With Guardians of the Galaxy (2014, R), Marvel Studios embarked upon something entirely new: risking a ton of money making a sci-fi action flick based upon some obscure comic book characters that most of the American public had never heard of. Would the public respond positively to a Marvel movie without easily recognizable headline characters like Spider Man, Thor or Wolverine? The flop of DC's Green Lantern film might have suggested that featuring anyone other than the biggest notables was perilous. Yet Guardians of the Galaxy succeeded where Green Lantern failed miserably, succeeding as a wonderfully woven and thoroughly entertaining movie in its own right.
The plot centers on the drama of Peter Quill, a space-pirate kidnapped from Earth by aliens as a boy after the loss of his mother. The only relic Peter has of Earth is a headset with a mix-tape from the 1980's that he values as his most treasured possession. Everything is hum-drum for space pirate Peter - or "Star-Lord", as he prefers to be called - until he inadvertently steals a mysterious orb which proves to be the most important object in the galaxy and which immediately puts him in the cross hairs of several fierce antagonists. With the aid of a team of losers, including a bio-engineered raccoon and a walking tree, Peter must get the orb into safe hands, sort out friend from foe, and destroy a few bad guys along the way.
While the supporting cast is great, the movie is really driven by Peter, who is half Han Solo, half Westley from Princess Bride. Besides being a great sci-fi action flick, this movie is downright funny. Most Marvel films have a little bit of comedy, but director James Gunn (with nothing notable in his resume until now) went out of his way to make certain that Guardians of the Galaxy was a sincerely funny movie. My wife and I were laughing uproariously throughout much of the film right from the first scene. Even in the most intense battle sequences, you are never a few moments away from a good chuckle. And all to a great 70's and 80's soundtrack, which is integrated into the film through Peter Quill's walkman.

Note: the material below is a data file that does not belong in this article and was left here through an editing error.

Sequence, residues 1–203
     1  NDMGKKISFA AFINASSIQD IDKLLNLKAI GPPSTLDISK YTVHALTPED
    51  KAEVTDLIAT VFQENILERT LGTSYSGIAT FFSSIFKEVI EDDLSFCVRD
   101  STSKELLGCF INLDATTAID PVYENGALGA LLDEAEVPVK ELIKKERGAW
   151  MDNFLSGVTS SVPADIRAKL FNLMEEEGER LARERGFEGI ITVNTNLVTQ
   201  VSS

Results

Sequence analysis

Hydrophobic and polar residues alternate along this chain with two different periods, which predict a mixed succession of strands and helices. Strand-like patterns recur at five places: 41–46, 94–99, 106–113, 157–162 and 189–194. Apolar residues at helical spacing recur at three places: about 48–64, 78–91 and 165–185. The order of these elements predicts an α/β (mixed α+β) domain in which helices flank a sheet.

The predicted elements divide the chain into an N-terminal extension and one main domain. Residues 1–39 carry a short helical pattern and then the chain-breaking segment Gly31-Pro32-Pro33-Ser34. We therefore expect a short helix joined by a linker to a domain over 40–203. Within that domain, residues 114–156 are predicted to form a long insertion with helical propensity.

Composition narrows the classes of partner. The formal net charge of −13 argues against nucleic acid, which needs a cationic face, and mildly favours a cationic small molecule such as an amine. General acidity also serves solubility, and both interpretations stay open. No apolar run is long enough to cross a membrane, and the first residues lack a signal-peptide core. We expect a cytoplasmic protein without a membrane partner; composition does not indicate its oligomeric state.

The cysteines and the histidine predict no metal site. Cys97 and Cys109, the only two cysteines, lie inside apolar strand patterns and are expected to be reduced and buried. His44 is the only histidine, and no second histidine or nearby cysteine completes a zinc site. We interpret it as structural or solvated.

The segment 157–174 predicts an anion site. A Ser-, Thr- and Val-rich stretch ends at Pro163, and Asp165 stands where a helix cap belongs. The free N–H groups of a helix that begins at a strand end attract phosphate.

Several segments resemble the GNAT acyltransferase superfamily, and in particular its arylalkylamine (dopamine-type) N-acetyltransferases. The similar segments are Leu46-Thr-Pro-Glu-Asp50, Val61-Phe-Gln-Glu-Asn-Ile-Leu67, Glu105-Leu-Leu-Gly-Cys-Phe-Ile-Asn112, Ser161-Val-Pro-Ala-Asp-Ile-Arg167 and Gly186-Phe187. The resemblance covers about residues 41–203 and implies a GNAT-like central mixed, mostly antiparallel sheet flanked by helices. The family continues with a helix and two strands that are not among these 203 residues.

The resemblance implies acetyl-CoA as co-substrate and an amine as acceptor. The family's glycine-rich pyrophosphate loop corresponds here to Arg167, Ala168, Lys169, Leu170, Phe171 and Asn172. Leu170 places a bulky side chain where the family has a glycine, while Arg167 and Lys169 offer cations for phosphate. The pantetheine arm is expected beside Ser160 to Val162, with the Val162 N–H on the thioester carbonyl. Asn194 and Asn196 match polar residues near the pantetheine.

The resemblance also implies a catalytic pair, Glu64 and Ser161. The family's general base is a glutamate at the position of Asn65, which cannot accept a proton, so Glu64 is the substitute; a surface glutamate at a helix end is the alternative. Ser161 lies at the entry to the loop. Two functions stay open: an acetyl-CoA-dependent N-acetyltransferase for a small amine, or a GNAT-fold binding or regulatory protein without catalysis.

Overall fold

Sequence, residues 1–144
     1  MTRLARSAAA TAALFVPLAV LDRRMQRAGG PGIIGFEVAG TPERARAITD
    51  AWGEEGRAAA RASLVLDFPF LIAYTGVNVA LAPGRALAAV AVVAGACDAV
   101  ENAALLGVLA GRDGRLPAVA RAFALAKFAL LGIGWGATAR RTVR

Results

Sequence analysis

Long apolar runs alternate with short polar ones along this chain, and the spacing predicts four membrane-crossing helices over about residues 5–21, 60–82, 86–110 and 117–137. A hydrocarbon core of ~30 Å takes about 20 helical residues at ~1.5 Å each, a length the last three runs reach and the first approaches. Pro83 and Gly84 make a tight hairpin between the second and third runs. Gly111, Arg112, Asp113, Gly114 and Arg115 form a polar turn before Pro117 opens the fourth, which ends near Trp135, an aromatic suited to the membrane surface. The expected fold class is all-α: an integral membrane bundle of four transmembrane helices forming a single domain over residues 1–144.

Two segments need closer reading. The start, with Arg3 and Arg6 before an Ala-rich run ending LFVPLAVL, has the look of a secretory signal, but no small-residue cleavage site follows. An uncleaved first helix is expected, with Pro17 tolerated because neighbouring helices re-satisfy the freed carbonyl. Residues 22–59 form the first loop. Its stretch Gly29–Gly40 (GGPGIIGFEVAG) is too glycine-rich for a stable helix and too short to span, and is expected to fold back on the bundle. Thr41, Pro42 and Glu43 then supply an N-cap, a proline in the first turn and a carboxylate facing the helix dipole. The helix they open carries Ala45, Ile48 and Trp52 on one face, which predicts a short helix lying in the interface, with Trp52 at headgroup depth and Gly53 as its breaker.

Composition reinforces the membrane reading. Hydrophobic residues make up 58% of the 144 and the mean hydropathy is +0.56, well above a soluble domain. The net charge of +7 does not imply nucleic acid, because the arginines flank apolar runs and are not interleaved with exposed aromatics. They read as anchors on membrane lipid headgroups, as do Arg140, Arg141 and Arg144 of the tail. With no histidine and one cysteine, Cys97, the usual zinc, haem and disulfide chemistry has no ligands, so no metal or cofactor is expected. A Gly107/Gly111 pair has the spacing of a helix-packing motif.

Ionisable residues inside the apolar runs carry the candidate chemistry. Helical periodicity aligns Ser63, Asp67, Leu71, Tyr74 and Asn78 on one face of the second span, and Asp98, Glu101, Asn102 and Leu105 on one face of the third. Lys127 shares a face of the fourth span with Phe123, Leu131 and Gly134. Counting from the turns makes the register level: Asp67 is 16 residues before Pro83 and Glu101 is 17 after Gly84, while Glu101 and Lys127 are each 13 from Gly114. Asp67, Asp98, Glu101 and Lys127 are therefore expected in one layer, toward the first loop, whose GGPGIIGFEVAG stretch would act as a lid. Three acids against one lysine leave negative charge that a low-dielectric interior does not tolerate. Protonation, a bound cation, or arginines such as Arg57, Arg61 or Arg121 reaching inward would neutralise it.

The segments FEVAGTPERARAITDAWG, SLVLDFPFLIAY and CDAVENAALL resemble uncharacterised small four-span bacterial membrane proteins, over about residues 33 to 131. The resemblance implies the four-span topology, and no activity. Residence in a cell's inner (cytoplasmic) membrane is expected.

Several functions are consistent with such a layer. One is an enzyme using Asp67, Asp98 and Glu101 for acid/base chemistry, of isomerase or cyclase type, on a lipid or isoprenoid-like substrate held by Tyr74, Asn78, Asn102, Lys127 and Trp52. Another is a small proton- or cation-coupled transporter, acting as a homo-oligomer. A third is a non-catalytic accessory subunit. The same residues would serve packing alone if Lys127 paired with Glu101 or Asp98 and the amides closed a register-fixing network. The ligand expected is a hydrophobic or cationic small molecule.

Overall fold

One thing to watch out for - this film is certainly comedic, but it is a dark comedy. There are a couple of sex jokes based around the motif of Peter/Star-Lord being a womanizer, including one joke about blacklights that was over my wife's head but which I understood and which was pretty risque. There is some bad language, including "bitch", "slut" and "sh*t". No blasphemy that I noticed. It is also dark in the sense of violent. If you are used to the typical Marvel violence of Captain America and Thor, take this one notch up. It's nothing excessive, but it made my wife wince once or twice. Taking this all into consideration, I'd definitely say Guardians of the Galaxy is not for kids under 14.
But it still worked out for me, and amazingly well. I think in the end, maybe the reason Guardians worked so well is because I really don't have any conception of Star-Lord, Drax or Groot from the comics. Had I read these comics, I probably would have been making continual comparisons between the two. When I first saw Fellowship of the Ring, I had never read the book and thought it was phenomenal. When I first saw the Hobbit, I was very familiar with the book and somewhat disappointed with the film. I do not know whether Star-Lord and the others sync up with the comic well, and frankly I don't care. This movie is enjoyable in its own right without reference to the comic. Because most viewers will have never seen the comic, I expect Guardians of the Galaxy will have a very broad appeal.
I give it 2.5 tiaras. The film was extraordinarily well done; it was unfortunate that they had to make so many sexual innuendos and make Peter/Star-Lord into a womanizer. The blacklight joke crossed the line. Had these few parts been omitted, I would have easily given it a 3.
Review by Boniface